Polyauthorism


In this digital age, text has been assimilated into various media formats via numerous mechanism. Websites, social media and online magazines incorporate the written word alongside video, music, animation and art. As a result, fans of books who also consume digital media will appreciate authors who attempt to do the same with their own written words. After all, who could be be better at enhancing a book’s story-world than the person who created it?


In today's digital mashup culture, books must evolve to reflect the increased blurring of media formats. Traditional media has evolved into an array of crossover and mashup variations, often instigated by its consumers: fan-fiction, for example. Elsewhere, HTML5 allows the incorporation of sound and video into device-responsive ebooks. And although this is utilised primarily by non-fiction, it should be embraced by fiction writers also. Authors who do so are experimenters in the new digital entertainment laboratory, where traditional books have almost been relegated to a role of Petri dish.


Although author websites are an ideal platform for polyauthorism, they must be considered to be little more than its core. From it, a diverse means of reader engagement is possible, ideally from depersonalized platforms; that is, platforms that aren't author-owned and are beyond Twitter and Facebook. Diverse creative platforms such as Joomag, Dribble, Slideshare, Deviantart, Clyp, Souncloud, Ello, Behance all offer opportunities to connect with other creative artists with whom collaborative projects can be developed that are directly related to an author's books. The benefit of such collaboration is mutual, as both parties gain exposure from the other's audience. For authors, it's no longer a question of having a platform from which to showcase their work, but what the platform is built from.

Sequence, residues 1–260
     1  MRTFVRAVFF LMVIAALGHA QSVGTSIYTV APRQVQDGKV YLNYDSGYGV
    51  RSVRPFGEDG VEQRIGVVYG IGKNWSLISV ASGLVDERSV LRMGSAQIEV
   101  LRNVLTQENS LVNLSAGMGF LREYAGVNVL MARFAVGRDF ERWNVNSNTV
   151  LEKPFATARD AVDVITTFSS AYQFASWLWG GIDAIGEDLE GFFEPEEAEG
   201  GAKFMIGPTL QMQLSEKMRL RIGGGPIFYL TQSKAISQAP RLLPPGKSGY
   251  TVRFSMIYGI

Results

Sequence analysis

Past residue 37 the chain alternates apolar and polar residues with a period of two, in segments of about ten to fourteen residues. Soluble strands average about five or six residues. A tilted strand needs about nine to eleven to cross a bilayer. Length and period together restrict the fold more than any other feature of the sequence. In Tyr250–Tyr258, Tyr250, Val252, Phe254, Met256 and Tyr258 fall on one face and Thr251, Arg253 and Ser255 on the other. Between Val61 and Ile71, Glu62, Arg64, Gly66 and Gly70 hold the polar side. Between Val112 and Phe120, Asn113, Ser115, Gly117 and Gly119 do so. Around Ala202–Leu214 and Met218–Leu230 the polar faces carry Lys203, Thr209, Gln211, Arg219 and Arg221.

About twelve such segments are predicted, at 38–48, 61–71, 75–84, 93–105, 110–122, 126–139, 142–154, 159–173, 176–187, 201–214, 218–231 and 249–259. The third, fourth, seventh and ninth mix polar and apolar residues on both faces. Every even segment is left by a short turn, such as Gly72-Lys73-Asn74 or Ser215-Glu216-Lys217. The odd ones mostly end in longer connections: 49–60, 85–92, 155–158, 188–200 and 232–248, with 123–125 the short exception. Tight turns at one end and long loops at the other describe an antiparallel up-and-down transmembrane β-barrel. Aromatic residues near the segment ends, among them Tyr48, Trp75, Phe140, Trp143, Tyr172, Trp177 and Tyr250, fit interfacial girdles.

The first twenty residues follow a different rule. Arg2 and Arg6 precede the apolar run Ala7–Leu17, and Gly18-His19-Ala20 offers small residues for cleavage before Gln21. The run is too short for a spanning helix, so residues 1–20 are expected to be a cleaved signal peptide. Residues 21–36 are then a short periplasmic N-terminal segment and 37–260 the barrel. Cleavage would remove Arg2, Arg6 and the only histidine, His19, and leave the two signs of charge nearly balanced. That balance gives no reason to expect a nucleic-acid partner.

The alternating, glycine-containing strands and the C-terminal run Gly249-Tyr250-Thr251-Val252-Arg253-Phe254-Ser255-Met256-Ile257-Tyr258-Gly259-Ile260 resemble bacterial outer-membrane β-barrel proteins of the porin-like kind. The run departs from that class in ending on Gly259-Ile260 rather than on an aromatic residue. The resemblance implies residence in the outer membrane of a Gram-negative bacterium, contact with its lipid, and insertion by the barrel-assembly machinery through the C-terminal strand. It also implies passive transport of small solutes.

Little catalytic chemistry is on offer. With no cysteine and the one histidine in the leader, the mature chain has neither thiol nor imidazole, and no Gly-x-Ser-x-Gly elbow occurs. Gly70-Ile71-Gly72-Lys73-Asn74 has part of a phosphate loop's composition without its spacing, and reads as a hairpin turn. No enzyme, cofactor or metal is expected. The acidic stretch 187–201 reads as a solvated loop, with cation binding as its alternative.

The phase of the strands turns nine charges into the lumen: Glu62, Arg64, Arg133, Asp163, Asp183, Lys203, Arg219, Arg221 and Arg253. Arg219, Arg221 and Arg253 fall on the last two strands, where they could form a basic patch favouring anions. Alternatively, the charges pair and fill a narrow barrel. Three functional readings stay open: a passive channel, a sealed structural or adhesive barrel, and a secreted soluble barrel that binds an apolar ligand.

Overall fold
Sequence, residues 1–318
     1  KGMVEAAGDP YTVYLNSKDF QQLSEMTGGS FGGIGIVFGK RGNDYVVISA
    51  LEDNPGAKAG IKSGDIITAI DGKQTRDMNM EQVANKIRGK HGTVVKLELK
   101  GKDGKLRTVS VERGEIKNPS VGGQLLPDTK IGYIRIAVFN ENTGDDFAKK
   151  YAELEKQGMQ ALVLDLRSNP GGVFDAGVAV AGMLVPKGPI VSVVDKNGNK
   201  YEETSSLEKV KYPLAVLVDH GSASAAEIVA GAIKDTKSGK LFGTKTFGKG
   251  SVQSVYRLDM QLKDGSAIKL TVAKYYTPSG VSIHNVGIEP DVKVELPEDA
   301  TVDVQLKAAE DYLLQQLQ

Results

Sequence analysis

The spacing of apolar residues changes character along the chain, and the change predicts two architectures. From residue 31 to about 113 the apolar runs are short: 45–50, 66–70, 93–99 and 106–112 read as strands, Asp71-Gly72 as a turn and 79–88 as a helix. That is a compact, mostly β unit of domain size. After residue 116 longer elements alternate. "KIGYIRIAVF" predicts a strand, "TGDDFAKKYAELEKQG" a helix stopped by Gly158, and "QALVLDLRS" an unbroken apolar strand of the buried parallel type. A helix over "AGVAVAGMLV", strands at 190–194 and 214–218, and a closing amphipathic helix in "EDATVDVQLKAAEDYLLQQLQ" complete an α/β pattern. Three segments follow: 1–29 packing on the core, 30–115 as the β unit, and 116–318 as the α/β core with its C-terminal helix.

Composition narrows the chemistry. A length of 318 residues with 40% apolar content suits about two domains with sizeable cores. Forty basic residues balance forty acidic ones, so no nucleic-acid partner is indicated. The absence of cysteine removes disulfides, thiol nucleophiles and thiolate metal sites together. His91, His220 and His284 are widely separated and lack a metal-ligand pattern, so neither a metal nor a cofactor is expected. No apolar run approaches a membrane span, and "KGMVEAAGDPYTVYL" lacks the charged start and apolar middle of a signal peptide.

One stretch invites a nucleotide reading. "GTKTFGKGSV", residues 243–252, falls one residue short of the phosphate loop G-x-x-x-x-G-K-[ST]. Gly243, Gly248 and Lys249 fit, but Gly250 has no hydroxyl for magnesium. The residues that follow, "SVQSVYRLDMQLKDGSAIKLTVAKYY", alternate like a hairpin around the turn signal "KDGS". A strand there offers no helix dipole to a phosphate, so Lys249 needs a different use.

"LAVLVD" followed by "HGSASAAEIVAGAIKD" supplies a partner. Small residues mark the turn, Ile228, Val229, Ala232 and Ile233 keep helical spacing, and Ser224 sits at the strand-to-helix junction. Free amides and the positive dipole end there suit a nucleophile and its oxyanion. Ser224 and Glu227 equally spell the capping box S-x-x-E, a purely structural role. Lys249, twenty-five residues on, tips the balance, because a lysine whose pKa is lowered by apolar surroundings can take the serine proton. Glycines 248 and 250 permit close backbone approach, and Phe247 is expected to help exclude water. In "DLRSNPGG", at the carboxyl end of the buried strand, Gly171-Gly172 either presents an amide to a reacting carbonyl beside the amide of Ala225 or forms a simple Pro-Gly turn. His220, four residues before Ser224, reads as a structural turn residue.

Books, that is text, have evolved and so must authors. They must experiment and collaborate with other creators to discover new ways of engaging existing readers while cultivating new ones. Through their innate creativity, authors are ideally positioned to diversify their skills into arenas where their story-world can be expressed in new and unexpected ways. This additional media can prove a powerful tool to portray story-worlds for the author, and for the reader, this complementary media not only makes a book more immersive, but provides alternative means to experience an author's intent.


The written word has evolved, and authors must do the same. Doing so ensures they counter obscurity, cultivate readership and remain at the cutting edge of what books will continue to deliver.



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